The distinction of the most recent demographic cohorts have gotten a bit fuzzy due to the influence of technology and the proportion of children growing up immersed in the online world or that have an intuition towards it. In terms of chronological order, Millennials precede Generation Z, which is sometimes termed the post-Millennial Generation. However, despite this distinction, the years that encompass the Millennial cohort are vague, and Generation Z doesn’t seem to have fully ended yet.
If we’re to comment on the difference between how Gen Z and Millennials treat customer service, we should keep in mind how such differences may arise simply due to developmental maturity. It’s glaringly obvious that the average teenager or pre-teen in Generation Z experiences and treats customer service representatives very differently than the young adults of the Millennial generation.
Besides age, the average degree of technological intuition and familiarity, as well as the economic circumstances (i.e. the Great Recession’s impact on Generation Z) factors unique to these two generations.
Just how much variation in the treatment of customer service can be attributed to the simple age gap between these two generations and how much can be pinned on unique generational differences? Let’s investigate.
Defining the Generations
If we ignore the controversy surrounding the definition of these two most recent generations based on sections of time, the other parts of these definitions seem to focus on the preferences and behavioral inclinations of individuals. For all intents and purposes, the Millennial Generation begins at around 1980 to 1990 and overlaps with Generation Z around the late 1990s.
If we focus solely on similarities, we find a number of expected traits such as technological fluency or intuition and the importance of “making a difference” in the world. In fact, due to the incomplete nature of Generation Z and the relationship that both these generations share regarding the time they’ve spent growing up alongside technology really seems to imply that they are more similar than different in behavior and attitudes.
Point of Difference: Expectations of Technology
However, delving deeper into the issue, we find that despite the close proximity and overlap shared between these generations as well as their experience with technology as part of their lives, the fact that Generation Z has never known a time where technology was lacking or in its nascent stages translates into higher expectations on their end.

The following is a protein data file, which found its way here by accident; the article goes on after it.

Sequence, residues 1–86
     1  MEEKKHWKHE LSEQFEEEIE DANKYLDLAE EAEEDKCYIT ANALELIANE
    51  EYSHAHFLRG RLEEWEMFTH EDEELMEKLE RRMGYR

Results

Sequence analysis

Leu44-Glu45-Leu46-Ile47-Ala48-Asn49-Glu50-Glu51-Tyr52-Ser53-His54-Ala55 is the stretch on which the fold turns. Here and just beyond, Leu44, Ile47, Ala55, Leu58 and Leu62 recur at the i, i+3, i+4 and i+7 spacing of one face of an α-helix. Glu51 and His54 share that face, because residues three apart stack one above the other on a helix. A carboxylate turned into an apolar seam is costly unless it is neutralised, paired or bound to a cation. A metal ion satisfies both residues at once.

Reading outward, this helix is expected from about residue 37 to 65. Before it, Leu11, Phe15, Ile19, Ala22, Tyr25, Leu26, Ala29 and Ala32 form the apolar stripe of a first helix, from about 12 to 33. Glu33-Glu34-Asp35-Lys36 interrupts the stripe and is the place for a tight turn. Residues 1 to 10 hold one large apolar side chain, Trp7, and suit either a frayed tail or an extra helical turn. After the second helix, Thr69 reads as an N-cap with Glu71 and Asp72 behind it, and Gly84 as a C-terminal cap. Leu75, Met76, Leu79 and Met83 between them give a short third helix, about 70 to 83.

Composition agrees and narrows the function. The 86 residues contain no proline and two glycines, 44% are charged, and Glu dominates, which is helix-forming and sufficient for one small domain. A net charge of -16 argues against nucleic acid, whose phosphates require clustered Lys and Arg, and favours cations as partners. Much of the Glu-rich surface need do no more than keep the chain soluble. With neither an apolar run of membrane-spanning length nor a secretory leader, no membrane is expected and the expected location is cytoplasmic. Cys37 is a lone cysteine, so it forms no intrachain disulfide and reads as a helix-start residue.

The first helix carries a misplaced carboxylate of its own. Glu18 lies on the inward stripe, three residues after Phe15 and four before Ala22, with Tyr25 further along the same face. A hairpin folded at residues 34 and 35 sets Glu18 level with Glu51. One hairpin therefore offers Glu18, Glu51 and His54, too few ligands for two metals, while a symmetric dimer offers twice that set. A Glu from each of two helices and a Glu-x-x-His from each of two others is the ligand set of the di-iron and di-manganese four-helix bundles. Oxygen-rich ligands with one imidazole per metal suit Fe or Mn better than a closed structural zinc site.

Referencing the points from BusinessInsider article above, we note that the theme that they mention has to do with the idea that Generation Z prefers a different sort of frugality and expects a different, higher standard from technology than Millennials. The article points out the fact that Generation Z seems more keen on the technical aspects of delivery rather than Millennials, evidenced by how they spend less time shopping online, or how they seldom go to stores to buy products, but rather visit the physical location to “solve problems” they cannot solve online.
However, there are a number of caveats to this article’s conclusions. For instance, one of the headlines reads “Teens hate feeling like they’re disrespected and when things don’t work. Millennials don’t get as angry when things break.”Arguably, this difference seems better explained by the impulsivity and lack of patience that are characteristic of teens and the calmness that comes with maturity than any generational influence. The fact that Millennials care more about bargains might also be related to the fact most Millennials are now responsible for their own finances and aren’t dependents of their parents anymore.
What Does This Mean For Customer Service
If one point sticks out from the set of differences above, it’s the fact that Generation Z has a lower threshold for faulty apps and overall higher expectation for technology. But this level of this difference is hard to define, and most articles regarding the changes towards the perception of customer service focus on servicing Millennial customers.
According to this Forbes article, building a superior customer service experience begins with catering the technological expectations, principles, and philosophies that are characteristic of the Millennial generation. For instance, Millennials will consult their phones and the web first even if they’re in a store and there’s a paid assistant to guide them because the Millennial Generation prizes efficiency through technology. This seems to echo the point made by the BusinessInsider article for Generation Z. Given this similarity, Generation Z appears to be an addendum in terms of its expectations and viewpoints of customer service, bundled together with Millennials.
The key point here is that the distinction between Millennial and Generation Z’s treatment of customer service are negligible. The overall picture that’s more important to customer service in terms a shift in the attitudes and place of a customer service representative may as well be characterized just through Millennial expectations.